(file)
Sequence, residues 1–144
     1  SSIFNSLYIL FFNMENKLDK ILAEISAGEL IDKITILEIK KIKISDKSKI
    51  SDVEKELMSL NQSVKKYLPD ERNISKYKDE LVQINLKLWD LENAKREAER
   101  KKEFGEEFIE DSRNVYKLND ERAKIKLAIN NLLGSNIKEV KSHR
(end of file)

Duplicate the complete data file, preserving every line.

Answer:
Sequence, residues 1–144
     1  SSIFNSLYIL FFNMENKLDK ILAEISAGEL IDKITILEIK KIKISDKSKI
    51  SDVEKELMSL NQSVKKYLPD ERNISKYKDE LVQINLKLWD LENAKREAER
   101  KKEFGEEFIE DSRNVYKLND ERAKIKLAIN NLLGSNIKEV KSHR